Medicaid freeze would leave workers out in the cold

Medicaid freeze would leave workers out in the cold

Baton Rouge businessman Eddie Rispone has proposed to “freeze” Medicaid enrollment if elected governor, a move that would cost thousands of people their access to healthcare. The Advocate’s Lanny Keller points out that a freeze would hit particularly hard for low-income workers like the neighbors Rispone grew up with:

As best anyone can tell, given Rispone’s vast silences, the goal of a Medicaid “freeze” is to use complex enrollment and re-enrollment procedures to kick off health insurance the folks he used to live with in north Baton Rouge, who cooked food and cleaned floors and labored to build things. As a policy, that is not just counterproductive for health care in Louisiana. It’s morally repugnant, and completely at odds with the message of Rispone’s bio spot.

Keller points to a recent blog by LBP that shows how a “freeze” has worked in other states. 

Expansion supporters at the Louisiana Budget Project slammed the notion, very thoroughly. “Although Rispone has provided no details about his plan, the experience of other states shows that an enrollment freeze would reverse the dramatic gains in health coverage that Louisiana has seen since Medicaid was expanded in 2016,” LBP director Jan Moller wrote. “An enrollment freeze also would face legal roadblocks and potentially drive up the state’s health care costs by hundreds of millions of dollars.”


Housing market is pricing out black families
Black Americans are seeing the lowest unemployment levels in years, but the cost of home ownership has outpaced economic gains for black workers. This leaves many black families priced out of real estate markets that would have been accessible just six years ago, locking them out from an important avenue for building wealth. For Kjara Smith, a 30-year-old black woman in Las Vegas, rising home prices meant settling for a less-than-ideal home in a challenging neighborhood, rather than settling close to her relatives. Paul Davidson of USA Today has more:

The median-income black household could afford just 25% of U.S. homes on the market last year, down from 39% in 2012, according to data provided exclusively to USA TODAY by real estate brokerage Redfin and based on the 46 largest markets. By contrast, median-income white households could afford 57% of homes for sale last year, down from 69% seven years ago. “African Americans who haven’t been able to buy a home since the recovery began have only seen prices rise further and further out of budget,” says Daryl Fairweather, Redfin’s chief economist.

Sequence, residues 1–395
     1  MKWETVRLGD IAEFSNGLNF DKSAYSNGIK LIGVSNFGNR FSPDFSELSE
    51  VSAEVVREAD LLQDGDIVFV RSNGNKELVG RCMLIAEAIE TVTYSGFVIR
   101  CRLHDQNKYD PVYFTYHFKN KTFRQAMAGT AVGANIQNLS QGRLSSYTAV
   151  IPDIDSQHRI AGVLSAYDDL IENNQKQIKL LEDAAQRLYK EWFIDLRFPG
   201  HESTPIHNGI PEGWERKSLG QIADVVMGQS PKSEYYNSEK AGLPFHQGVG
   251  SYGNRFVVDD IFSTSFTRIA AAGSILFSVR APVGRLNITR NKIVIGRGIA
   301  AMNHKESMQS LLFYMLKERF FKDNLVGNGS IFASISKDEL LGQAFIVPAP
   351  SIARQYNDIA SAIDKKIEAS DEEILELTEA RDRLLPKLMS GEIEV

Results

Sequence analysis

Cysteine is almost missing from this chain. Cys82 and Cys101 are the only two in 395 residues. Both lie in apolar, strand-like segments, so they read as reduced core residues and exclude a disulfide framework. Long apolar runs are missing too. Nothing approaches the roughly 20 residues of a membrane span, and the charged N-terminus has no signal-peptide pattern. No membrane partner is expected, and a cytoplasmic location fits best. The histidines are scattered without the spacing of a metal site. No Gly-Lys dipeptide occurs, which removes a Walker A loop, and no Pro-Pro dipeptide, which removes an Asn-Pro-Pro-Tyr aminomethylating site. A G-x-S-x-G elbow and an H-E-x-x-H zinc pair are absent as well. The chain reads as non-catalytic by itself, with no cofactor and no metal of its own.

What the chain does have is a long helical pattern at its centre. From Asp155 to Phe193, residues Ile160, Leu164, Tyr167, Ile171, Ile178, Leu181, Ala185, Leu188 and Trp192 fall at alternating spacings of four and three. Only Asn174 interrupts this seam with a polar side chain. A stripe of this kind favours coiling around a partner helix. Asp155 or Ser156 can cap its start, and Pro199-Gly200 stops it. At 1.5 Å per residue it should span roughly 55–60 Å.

Race is still a problem in the South
The road to shared prosperity starts with addressing the racial inequities that hold back people of color from full participation in America’s economy. A new report by former New Orleans Mayor Mitch Landrieu’s E Pluribus Unum Fund highlights persistent barriers facing people of color in the South and calls upon leaders to find common ground to remove those barriers. The AP’s Kevin McGill has more: 

Former New Orleans Mayor Mitch Landrieu is tackling the race issue, starting with a report called ”Divided by Design.” The report released Friday is based on surveys and interviews with people in 28 communities in 13 Southern states. It touts efforts to bridge racial gaps. But it also says segregation and inequality remain major barriers to advancement for many. And it notes widespread, conflicting views on racism among African Americans, Latinos and whites.

Black Voters Matter is elevating issues in elections

LaTosha Brown and Cliff Albright of Black Voters Matter have been traveling on what they call “the blackest bus in America,” working to build political power around the issues that impact black citizens. But while their goal is to increase black voters’ impact on elections, their method is different from traditional get-out-the-vote efforts. Janell Ross of NBC News explains how Black Voters Matter is organizing communities by focusing on the issues that rarely get candidates’ attention, rather than simply encouraging black voters to vote:

Brown and Albright also began planning their next trips this year: Georgia, Mississippi and Virginia. “There are black people all over this country, living in red states and blue states, where their issues are every bit as serious and complex as Flint and almost equally ignored,” Brown said. “But we see that pattern as an opportunity. We know that the hard stuff, the ignored stuff is what people really care about.”


Number of the Day
16.5% – The percentage of homes for sale in New Orleans in 2018 that were affordable, based on the median incomes for black and white residents and assuming a 20% down payment. This is a 15.1 percentage point decline from 2012. (Source: USA Today via Redfin)